For certain improvements, districts could qualify for federal funds
By Eric Hall and Adam Kaye
Can the federal government help pay for school improvements? The answer might be yes.
Every year, the Department of Housing and Urban Development apportions funds to counties and cities to award as Community Development Block Grants. In general, CDBG funds pay for capital improvements on public land or facilities where at least 51 percent of residents receive low- or moderate-incomes, according to the federal government.
What does this mean for school districts?
In one hypothetical scenario, a school in a rural area serves as an important hub of the community. During after-school hours, its playgrounds and ballfields provide park space. A community planning group holds its meetings in the multi-purpose room. In this sparsely-populated area, the school is the closest thing to a community center. At this school, however, the playground and ballfields need replacement, and in a meeting, public speakers and planning group members ask how to make that happen. All eyes turn to representatives from the school district and county department of public works. Soon, the school and county officials are collaborating to prepare a CDBG application for playground and ballfield improvements.
In another possible scenario, streets, sidewalks, crosswalks and a storm drain near an urban school need repairs. So school facility planners and city officials work cooperatively to tap the federal grant program for a “Safe Routes to School” project.
Could your project qualify for a CDBG?
Marco de la Toba, a program analyst for the County of San Diego’s Department of Housing and Community Development, says that school districts must align their application with the goals of the county or city from which the grant is solicited. The strongest applications also include project-ready plans.
“An understanding of funding goals for your school’s host city or county, and showing a nexus to those goals, is important when preparing that CDBG application,” De la Toba said. “So is showing bang for the buck, as well as evidence of in-kind activity or matching funds that the district could bring to the project.”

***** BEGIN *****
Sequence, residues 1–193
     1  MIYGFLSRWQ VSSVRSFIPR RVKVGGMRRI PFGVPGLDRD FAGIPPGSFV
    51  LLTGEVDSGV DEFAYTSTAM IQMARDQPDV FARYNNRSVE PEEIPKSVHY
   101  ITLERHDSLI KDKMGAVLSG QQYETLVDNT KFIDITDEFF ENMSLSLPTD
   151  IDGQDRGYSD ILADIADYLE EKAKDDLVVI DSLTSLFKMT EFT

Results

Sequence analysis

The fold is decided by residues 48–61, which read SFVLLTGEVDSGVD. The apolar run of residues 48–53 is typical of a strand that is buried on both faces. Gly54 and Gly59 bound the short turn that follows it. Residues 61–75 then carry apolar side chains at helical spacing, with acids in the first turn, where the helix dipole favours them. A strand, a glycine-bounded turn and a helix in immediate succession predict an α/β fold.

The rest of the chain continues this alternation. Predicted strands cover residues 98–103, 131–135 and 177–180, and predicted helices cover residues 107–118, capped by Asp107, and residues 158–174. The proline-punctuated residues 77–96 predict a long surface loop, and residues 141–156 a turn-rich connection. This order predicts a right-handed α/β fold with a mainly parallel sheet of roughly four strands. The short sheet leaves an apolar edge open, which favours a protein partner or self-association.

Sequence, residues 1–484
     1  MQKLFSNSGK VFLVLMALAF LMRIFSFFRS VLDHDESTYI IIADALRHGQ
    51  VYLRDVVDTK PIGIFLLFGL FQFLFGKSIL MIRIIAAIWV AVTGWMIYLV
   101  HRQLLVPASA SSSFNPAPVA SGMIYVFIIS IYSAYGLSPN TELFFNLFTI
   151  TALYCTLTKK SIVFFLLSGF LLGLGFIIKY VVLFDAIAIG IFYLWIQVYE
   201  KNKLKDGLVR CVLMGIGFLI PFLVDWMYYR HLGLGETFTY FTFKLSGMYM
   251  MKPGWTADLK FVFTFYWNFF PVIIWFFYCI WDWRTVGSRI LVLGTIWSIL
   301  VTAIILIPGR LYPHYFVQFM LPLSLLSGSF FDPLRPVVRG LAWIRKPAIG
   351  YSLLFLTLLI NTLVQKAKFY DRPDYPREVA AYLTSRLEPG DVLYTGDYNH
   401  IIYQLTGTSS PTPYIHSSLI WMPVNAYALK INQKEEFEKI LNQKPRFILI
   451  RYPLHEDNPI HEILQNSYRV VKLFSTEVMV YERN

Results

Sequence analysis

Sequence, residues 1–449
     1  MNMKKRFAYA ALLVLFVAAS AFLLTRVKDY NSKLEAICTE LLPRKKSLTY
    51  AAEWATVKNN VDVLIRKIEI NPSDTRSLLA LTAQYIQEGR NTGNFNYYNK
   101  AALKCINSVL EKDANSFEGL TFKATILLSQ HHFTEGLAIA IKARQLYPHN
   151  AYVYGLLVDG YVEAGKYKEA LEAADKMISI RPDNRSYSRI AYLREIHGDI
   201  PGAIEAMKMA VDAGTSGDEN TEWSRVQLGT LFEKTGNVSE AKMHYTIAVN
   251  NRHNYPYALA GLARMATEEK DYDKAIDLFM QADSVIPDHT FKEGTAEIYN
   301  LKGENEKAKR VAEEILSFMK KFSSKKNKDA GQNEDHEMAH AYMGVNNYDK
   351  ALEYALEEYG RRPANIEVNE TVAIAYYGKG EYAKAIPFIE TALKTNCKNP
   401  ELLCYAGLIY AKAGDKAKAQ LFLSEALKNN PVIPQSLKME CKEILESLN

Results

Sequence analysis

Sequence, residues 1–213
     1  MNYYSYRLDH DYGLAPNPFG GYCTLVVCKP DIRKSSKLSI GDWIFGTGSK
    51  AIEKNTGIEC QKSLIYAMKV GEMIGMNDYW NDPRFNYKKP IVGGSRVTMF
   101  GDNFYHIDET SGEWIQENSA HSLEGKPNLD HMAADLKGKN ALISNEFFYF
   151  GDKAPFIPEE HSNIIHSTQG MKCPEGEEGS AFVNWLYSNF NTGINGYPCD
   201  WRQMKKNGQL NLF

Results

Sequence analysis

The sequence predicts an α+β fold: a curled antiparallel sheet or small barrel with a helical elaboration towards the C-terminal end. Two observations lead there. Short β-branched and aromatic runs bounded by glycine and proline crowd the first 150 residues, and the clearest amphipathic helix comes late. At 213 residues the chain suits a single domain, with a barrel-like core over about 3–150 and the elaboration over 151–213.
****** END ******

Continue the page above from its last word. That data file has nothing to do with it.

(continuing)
To meet eligibility requirements, school districts or any other applicant must show that at least 51 percent of residents in the surrounding area, and at least 51 percent of the people served by the project, would qualify as low- or moderate-income. Some projects qualify by showing that they serve a “limited clientele,” such as people who are elderly, homeless or disabled.
Some larger “entitlement cities” administer their own CDBG programs, de la Toba explained. Other smaller cities are bundled into their county’s program. Generally, housing departments manage the applications. But the application itself might be prepared by a city’s or county’s department of public works, as those departments understand the engineering, planning and budgeting needed to bring a project to completion. Applications must show reliable cost estimates.
On the side of the municipalities, to comply with federal requirements, cities and counties must publish annual reports that state their community development goals. Priorities of one jurisdiction might differ from those of the next. School districts can cross multiple jurisdictional boundaries; that means an application at one campus could involve an entirely different municipal partner with different goals than an application elsewhere in the district. Increasingly, municipal goals in California address affordable housing and solutions for homelessness.
Counties and cities publish CDBG solicitations annually – usually in the fall. An application window of about a month is followed by a vetting by the agency’s staff and executives, who recommend funding awards to their agency’s governing body. CDBG programs are almost always oversubscribed, with demand for the funds exceeding their availability.
A CDBG award carries strict requirements for financial reporting and project management.
Can your project qualify? Does your school have strong partner in its host city or county? For projects that can meet certain requirements, the federal government could contribute to the financial package.
For more information or a free consultation regarding CDBG block grant funding for your district or other revenue generation ideas, please contact Eric Hall at firstname.lastname@example.org or call 760.602.9352.